Circumcision not a violation of rights, says Jagland

Circumcision not a violation of rights, says Jagland

Circumcision not a violation of rights, says Jagland

The resolution identifies circumcision as a violation of physical integrity. Photo by Council of Europe

The Council of Europe Secretary General Throbjorn Jangland said male circumcision did not violate human rights a week after the institution’s Parliamentary Assembly passed a resolution which defined male circumcision as a violation of the physical integrity of children.

Jagland’s take on the issue was made clear by a tweet from Daniel Holtgen, the Director of Communications at the Council of Europe, which quoted Jagland saying, “Female genital mutilation violates human rights. Male circumcision does not.”

The resolution has become a controversial issue ever since its announcement, drawing reactions from both the Muslim and Jewish communities alike. Israel has called the resolution “racist” and “anti-religious.”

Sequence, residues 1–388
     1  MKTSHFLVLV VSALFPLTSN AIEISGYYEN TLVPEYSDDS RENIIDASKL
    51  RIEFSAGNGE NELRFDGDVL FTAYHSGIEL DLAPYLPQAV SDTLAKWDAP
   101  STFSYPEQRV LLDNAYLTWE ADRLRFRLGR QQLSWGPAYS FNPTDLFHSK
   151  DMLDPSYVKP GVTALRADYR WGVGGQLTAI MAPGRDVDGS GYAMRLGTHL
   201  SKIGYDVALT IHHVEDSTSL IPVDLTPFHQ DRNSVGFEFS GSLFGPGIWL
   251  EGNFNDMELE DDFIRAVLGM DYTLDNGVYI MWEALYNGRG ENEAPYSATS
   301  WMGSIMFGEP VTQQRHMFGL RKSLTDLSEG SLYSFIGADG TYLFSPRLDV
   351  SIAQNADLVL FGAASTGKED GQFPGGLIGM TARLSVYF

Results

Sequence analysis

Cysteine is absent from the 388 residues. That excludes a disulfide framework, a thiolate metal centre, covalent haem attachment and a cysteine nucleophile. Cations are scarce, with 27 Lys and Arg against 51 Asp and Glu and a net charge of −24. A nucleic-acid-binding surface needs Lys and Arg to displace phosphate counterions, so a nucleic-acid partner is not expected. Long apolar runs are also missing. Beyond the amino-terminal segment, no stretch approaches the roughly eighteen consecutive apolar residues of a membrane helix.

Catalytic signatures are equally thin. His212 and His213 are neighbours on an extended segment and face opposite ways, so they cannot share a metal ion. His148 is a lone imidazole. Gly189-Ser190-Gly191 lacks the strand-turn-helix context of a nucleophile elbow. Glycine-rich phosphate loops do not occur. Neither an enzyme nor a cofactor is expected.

‘Exceptionally wrong’

Turkish Deputy Prime Minister Bekir Bozdağ said the decision was “exceptionally wrong” and that governments and parliaments should stay away from issues concerning people’s faiths.

The resolution calls for European states to “promote further awareness in their societies of the potential risks of some of these procedures,” which the assembly lists as the circumcision of boys, early childhood interventions in the case of intersexual children and the coercion of children into piercings, tattoos or plastic surgery.

The assembly said though such practices are projected as beneficial to children, they often fail to be so.

The resolution further states that member states should “clearly define the medical, sanitary and other conditions to be ensured for practices such as the non-medically justified circumcision of young boys” and adopt legal provision that would prevent the carrying out of certain operations before a child is old enough to consent.

Marlene Rupprecht, the rapporteur behind the resolution, however, claimed the text did not aim to “stigmatize any religious community or its practices.”

“On the contrary, the assembly calls for public debate, including inter-cultural and inter-religious dialogue, aimed at reaching a wide consensus on the rights of children to protection against violations of their physical integrity,” Rupprecht said, according to Council of Europe’s website.